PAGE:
Leesa Gazi’s ‘Baarir Naam Shahana’ sheds light on a woman’s courage
British-Bangladeshi writer, director, actor and playwright, Leesa Gazi has dedicated her career to presenting powerful stories told from a woman's perspective via theatre and film. Her documentary film, "Rising Silence", memorialising accounts of Birangona women of the 1971 Liberation War, won several accolades across the world, including Best Feature Documentary at Moondance International Film Festival (USA), Asian Media Award for Best Investigation 2019 (UK), Best Feature Documentary at the PSVI Film Competition by the Foreign, Commonwealth and Development Office, UK. Since 2017, Gazi started working with Global Survivors Network, SEMA, established by Nobel Laureate Dr Denis Mukegwege's Foundation. The first-ever International public address by two Birangona women of Bangladesh, Anoara Begum and Jabeda Khatun, was made possible by Gazi's efforts. Begum and Khatun joined fellow survivors in an international call at the Hague in 2018 for global reparations schemes to address the consequences of rape as a weapon of war. Gazi is currently working on the Collective Memory Group at SEMA. Recently, she spoke to The Daily Star about her upcoming film, "Baarir Naam Shahana - A House Named Shahana", and more.
"Baarir Naam Shahana", produced by your company, Komola Collective, is your first fiction film. How did you begin working on it?
I wrote the story in 2011, and we began working on the film in October 2019. I narrated the story to my close friend and collaborator, Aanon Siddiqua, who plays the lead character in the film. We ended up writing the screenplay together. She is a singer and dancer and has also acted in a short film. She is currently doing her PHD on the complexities in developing an effective and sustainable legal framework that protects the creative and commercial interests of Bangladeshi Musicians. I am excited for the audience to see her performance in "Baarir Naam Shahana". Noted actor and writer Bipasha Hayat, a close friend of mine, gave us additional ideas that involve parts of this film to be shot in the UK. Seventy-five per cent of the movie has been shot in Bangladesh, and we will do the rest in the UK.
Currently, we are looking for co-producers. The film is about a woman's right to choose to live her life on her own terms, and we would like to work with those companies or individuals who believe in this view. Our shoots were delayed on multiple occasions due to the Covid-19 pandemic. We only started filming in May of this year. The cast and crew were determined to do their best, despite the setbacks. We hope to start our UK shoots by the end of this year or the beginning of next year.
Could you elaborate on the story of "Baarir Naam Shahana"?
The movie is about a divorced woman named Dipa in 90's Bangladesh, who wants to have control of her own life, defying social stigma and building her own path to achieve her purpose. The film is about her journey through her pain, courage, desire, and fighting spirit to live her life the way she chooses. It has no special effects or gimmicks. The heart of "Baarir Naam Shahana" lies in its story. It will not be a sad, miserable film. Instead, it will be a triumphant one.
You have worked with both newcomers and prominent artistes on this film. How was the experience?
Alongside Aanon Siddiqua, the cast includes Amirul Haque Chowdhury, Jayanto Chattopadhyay, Naila Azad Nupur, Lutfor Rahman George, Iresh Zaker, Kazi Ruma, Kamrunnahar Munni, Wriddhi, Apon, and many local performers from Kushtia. I have a dream team including Xoaher Musavvir (Director of Photography), Mohammad Rafi Sumon (Associate Producer), Nahid Masud (Sound), Tania Rahman (Costume Designer), Alex Unai (Tech Head and On-location Editor), Sohini Alam and Oliver Weeks (Music Directors). They have all been remarkable to work with at such stressful and challenging times.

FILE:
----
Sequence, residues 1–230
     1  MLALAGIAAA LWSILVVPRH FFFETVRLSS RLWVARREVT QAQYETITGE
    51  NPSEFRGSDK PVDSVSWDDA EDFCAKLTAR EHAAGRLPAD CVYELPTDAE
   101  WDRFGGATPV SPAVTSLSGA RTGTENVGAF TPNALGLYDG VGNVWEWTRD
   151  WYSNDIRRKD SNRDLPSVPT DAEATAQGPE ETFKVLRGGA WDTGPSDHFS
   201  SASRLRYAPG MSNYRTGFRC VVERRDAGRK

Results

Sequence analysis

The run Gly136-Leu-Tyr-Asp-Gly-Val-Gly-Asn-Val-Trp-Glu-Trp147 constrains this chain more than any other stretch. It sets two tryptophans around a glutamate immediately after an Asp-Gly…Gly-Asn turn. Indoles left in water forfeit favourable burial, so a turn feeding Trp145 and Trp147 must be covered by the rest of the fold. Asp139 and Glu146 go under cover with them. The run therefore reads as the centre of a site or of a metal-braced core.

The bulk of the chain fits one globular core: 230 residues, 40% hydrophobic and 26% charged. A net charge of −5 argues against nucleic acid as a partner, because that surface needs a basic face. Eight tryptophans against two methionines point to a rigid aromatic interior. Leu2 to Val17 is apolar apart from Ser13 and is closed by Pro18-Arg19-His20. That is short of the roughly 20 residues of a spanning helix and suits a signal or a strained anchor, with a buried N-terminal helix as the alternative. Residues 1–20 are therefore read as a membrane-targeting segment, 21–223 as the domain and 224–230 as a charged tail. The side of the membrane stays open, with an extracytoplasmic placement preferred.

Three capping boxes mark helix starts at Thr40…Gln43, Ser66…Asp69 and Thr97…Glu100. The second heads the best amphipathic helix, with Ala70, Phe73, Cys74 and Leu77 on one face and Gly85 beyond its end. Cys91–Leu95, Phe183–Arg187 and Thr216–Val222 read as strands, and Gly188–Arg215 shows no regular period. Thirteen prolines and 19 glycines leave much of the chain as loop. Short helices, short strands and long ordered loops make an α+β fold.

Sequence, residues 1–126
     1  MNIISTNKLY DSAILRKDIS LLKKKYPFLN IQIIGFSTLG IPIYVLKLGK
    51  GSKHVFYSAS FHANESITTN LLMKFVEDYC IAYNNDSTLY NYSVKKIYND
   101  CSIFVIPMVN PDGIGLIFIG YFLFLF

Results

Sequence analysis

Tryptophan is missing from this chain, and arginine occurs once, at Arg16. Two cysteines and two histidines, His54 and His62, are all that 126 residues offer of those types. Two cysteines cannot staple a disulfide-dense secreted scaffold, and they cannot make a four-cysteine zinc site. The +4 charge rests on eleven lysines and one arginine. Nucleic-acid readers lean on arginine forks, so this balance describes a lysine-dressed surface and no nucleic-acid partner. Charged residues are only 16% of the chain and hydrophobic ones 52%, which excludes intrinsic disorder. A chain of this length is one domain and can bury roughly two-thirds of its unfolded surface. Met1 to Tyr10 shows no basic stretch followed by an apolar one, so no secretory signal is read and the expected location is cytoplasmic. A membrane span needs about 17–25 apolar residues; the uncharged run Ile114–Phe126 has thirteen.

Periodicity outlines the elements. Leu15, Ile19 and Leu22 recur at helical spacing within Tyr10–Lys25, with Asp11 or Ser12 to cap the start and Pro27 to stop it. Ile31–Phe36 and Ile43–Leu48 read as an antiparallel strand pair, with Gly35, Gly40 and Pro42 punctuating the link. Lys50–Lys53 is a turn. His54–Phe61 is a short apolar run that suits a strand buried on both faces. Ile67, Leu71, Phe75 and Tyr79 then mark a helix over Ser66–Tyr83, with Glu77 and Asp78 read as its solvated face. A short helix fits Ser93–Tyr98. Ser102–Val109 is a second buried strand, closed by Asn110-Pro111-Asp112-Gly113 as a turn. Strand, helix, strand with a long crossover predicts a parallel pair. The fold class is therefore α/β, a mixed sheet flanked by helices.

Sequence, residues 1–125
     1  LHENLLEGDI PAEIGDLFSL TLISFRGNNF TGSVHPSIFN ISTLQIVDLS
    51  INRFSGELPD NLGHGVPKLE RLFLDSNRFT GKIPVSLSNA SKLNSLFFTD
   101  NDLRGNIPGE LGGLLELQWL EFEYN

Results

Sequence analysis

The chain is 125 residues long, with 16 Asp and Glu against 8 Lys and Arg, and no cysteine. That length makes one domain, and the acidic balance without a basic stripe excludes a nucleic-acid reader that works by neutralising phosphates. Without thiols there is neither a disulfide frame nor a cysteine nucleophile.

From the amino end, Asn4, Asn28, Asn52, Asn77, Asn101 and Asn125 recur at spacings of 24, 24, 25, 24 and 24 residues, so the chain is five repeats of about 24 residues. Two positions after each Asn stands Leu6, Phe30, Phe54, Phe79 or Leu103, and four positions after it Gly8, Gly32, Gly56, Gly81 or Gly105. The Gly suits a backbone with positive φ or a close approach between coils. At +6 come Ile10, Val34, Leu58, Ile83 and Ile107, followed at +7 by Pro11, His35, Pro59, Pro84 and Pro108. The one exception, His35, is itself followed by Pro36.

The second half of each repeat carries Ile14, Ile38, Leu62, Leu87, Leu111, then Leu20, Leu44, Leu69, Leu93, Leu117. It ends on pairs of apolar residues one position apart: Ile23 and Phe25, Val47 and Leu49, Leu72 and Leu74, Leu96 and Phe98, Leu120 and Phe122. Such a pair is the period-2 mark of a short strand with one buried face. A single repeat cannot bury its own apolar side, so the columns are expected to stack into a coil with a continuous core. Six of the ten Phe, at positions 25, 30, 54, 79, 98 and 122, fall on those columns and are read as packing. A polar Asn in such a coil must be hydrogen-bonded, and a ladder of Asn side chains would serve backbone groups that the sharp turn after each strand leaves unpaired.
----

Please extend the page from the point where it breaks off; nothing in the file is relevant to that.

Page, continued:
Tell us about your personal journey with filming "Baarir Naam Shahana". How and why were you inspired to tell this story?
More often than not, we have seen women's stories being told through the lenses of men. But is it possible for a man to comprehend the experience of being a woman truly? Being a divorcée myself in '90s Bangladesh, I experienced enormous social stigma and observed how divorced women were made outcasts in their homes and society in general. However, Dipa does not accept what is decided for her by others and fights to live her life as she aspires. I have seen women like Dipa too. Every female character in this film is familiar and relatable. We know or recognise them from our surroundings. They emerge from our homes, families, and neighbourhoods.
You have collaborated with celebrated author Tahmima Anam for a play. What can you tell us about it?
Our company, Komola Collective, commissioned Tahmima Anam to write a play entitled "Shahrazad". It is based on the eponymous character from Middle Eastern folk tales, "One Thousand and One Nights". Shahrazad is a woman who is married to a king, and on the wedding night, she tells a story to him but does not finish it, leaves it at a cliffhanger, as she is supposed to be killed at the end of the night. The king wants to hear the end of the story, but Shahrazad says he will have to wait until the next night to listen to the rest of it. Trapped behind high walls and closed doors, a woman must find tricks and tactics to divert her husband's growing anger each day to survive. The play is based on this theme, looking at the 'Shahrazads' of today. Tahmima Anam wrote an outstanding play with a modern approach dealing with this idea that worked superbly. Domestic violence peaked during the Covid-19 pandemic across the world, and as storytellers, we felt that we needed to address this issue urgently. For this project, we have spoken to survivors of domestic violence (DV) and their children and worked with different DV organisations. We look forward to bringing the play to the stage in 2022.